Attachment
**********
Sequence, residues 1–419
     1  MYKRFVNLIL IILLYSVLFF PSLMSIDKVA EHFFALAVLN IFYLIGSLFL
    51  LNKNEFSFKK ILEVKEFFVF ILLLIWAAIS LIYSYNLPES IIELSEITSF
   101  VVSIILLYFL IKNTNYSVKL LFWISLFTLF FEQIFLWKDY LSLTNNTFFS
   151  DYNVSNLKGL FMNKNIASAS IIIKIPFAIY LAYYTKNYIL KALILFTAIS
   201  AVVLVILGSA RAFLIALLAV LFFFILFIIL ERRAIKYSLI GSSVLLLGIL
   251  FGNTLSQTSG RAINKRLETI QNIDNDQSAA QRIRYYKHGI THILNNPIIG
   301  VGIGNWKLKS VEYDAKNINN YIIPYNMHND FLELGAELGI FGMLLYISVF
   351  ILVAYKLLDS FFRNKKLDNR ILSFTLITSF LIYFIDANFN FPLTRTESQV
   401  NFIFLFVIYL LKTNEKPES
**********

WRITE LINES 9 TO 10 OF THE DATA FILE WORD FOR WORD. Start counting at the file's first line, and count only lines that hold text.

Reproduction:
   351  ILVAYKLLDS FFRNKKLDNR ILSFTLITSF LIYFIDANFN FPLTRTESQV
   401  NFIFLFVIYL LKTNEKPES